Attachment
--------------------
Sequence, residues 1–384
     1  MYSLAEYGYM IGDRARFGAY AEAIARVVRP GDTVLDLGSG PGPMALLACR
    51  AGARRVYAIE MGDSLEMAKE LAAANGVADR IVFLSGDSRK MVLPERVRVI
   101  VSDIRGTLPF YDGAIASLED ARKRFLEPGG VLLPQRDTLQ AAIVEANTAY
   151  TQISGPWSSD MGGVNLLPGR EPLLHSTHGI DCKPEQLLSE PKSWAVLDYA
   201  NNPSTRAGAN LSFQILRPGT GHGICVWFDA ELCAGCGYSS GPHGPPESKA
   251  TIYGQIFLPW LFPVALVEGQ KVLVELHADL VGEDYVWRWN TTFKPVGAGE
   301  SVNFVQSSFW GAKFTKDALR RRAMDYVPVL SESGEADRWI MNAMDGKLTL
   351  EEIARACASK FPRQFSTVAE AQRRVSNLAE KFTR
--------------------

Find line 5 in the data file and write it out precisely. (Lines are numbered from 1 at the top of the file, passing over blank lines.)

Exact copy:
   151  TQISGPWSSD MGGVNLLPGR EPLLHSTHGI DCKPEQLLSE PKSWAVLDYA